Kantor on the First Family's Private Quarters, Encounters with Sasha and Malia, and Laura Bush's Tip for Michelle
For almost five years, Jodi Kantor has covered politics, including Chicago’s most famous couple, for the New York Times. She has peeked inside the Obamas’ marriage, traced the First Lady’s roots back to slavery, and explored the president’s relationship with Rev. Jeremiah Wright. She has been in the White House too many times to count, she told me in a telephone conversation from her apartment in Brooklyn, where she lives with her husband, Ron Lieber, and their daughter, who turns six next week. Because Leiber, who grew up here, writes the Times’s “Your Money” column—and has to work out of New York—her editors allow her to commute to D.C. Kantor, 36, also traveled often to Chicago to research her forthcoming book, The Obamas (Little, Brown, $29.99). She spent most of her time in Hyde Park interviewing the First Couple’s friends—some, such as Marty Nesbitt and Eric Whitaker, who remain very close—and many more who were once friends but now seldom, if ever, see the Obamas.
In 18 months of work, Kantor conducted 200 interviews, many with high-level West Wing aides—repeated interviews with Valerie Jarrett and David Axelrod, for example. Unprecedented access to the East Wing, Kantor says, came compliments of Michelle Obama. “I’m the first book author to have access to what really happened inside the East Wing.”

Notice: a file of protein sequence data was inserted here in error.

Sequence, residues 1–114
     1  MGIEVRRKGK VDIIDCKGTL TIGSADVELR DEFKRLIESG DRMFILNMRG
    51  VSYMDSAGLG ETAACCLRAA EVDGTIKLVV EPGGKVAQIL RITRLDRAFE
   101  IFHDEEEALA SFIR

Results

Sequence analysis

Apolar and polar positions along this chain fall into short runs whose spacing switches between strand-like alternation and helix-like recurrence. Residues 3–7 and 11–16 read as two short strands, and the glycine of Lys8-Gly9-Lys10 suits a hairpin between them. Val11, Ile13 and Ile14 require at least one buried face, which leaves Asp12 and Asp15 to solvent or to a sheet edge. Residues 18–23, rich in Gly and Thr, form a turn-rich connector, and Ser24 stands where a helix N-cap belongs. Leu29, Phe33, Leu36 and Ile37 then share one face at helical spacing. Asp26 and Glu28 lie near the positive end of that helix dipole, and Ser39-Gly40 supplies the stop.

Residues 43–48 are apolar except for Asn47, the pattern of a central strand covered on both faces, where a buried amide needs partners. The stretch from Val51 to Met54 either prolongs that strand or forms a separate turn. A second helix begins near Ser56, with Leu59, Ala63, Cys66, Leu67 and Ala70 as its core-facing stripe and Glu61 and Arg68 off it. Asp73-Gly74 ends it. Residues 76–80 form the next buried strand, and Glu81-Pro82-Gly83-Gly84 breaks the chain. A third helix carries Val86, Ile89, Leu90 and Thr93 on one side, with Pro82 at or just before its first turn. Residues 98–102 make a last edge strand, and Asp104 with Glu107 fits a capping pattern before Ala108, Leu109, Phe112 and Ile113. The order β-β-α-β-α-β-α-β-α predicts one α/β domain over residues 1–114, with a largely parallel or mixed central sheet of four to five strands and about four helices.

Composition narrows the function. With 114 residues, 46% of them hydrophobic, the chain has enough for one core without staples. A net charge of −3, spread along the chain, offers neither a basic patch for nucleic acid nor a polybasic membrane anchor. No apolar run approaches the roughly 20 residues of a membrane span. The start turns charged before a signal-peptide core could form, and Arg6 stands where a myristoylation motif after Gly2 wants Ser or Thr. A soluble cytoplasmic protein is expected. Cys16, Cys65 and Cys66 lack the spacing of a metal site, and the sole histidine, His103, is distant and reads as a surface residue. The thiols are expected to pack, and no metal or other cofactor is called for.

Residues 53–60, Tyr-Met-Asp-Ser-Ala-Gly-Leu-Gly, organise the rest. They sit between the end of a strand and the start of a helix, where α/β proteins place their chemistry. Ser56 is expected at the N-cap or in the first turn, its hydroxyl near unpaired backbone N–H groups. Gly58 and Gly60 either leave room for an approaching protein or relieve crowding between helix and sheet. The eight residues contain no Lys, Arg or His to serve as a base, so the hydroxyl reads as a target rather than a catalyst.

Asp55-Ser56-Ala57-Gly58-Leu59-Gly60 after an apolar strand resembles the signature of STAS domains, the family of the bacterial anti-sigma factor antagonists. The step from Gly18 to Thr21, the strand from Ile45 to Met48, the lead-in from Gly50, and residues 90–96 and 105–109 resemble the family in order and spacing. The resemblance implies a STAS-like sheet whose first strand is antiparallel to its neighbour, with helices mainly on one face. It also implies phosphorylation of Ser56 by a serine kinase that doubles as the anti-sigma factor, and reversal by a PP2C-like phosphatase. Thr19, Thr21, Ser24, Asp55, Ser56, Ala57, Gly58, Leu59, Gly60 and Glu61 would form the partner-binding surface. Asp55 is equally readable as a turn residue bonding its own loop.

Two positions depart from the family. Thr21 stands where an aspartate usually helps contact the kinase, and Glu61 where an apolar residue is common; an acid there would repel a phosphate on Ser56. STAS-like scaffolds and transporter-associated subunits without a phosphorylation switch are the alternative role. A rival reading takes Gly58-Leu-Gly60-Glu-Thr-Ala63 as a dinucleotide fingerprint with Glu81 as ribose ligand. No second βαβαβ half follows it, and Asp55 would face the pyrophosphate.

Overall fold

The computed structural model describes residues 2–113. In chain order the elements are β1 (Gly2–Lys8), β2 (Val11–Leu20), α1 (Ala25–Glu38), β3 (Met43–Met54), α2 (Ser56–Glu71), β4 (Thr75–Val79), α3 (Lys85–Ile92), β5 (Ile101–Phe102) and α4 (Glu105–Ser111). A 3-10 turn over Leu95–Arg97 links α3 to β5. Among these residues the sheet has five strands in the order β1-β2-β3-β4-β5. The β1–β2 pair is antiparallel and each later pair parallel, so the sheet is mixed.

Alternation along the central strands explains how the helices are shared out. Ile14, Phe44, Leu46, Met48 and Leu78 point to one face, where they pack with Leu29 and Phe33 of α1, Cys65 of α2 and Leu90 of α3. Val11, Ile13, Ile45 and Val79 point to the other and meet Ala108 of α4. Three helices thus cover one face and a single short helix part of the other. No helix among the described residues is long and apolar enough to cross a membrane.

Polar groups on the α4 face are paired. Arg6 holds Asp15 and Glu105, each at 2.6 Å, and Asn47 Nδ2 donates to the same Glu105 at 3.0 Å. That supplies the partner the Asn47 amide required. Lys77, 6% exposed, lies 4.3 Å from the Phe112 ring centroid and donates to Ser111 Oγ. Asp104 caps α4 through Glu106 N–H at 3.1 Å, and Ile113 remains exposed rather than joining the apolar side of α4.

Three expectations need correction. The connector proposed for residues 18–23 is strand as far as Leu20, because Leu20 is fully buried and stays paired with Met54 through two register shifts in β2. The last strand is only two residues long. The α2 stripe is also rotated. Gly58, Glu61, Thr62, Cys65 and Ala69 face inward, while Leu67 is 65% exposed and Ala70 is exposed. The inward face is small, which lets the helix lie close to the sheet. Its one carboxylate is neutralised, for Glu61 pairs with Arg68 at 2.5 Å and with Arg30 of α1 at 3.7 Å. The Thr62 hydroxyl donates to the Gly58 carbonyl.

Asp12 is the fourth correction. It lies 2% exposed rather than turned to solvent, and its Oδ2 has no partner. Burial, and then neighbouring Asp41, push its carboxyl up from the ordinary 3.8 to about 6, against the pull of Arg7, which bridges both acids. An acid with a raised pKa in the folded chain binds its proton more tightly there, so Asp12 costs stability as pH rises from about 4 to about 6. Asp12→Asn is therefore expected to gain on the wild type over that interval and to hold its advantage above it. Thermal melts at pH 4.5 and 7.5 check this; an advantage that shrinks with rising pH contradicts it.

Kantor’s advance is said to be in the seven figures, boosted by a 40-minute Oval Office interview with the First Couple on the subject of their marriage that resulted in a much-discussed October 2009 New York Times Magazine cover story. The Obamas did not speak to her again for the book, but they did not stop people close to them from talking.
The book is out January 10. Until then, Little Brown has embargoed it, but, embargo notwithstanding, Kantor gave me some fresh insights and anecdotes. The first part of my interview with Kantor is in Chicago’s January issue and can be found here. Below, you will find more from our conversation, including Kantor’s take on the Obamas’ private quarters, her encounters with the president’s daughters, the relationship between Michelle and Laura Bush, and more. And check back next week for the final part of our interview, in which Kantor discusses the Desiree Rogers controversy, Barack’s time at Columbia University, and the role that Valerie Jarrett plays in the First Family’s lives.
Full piece here.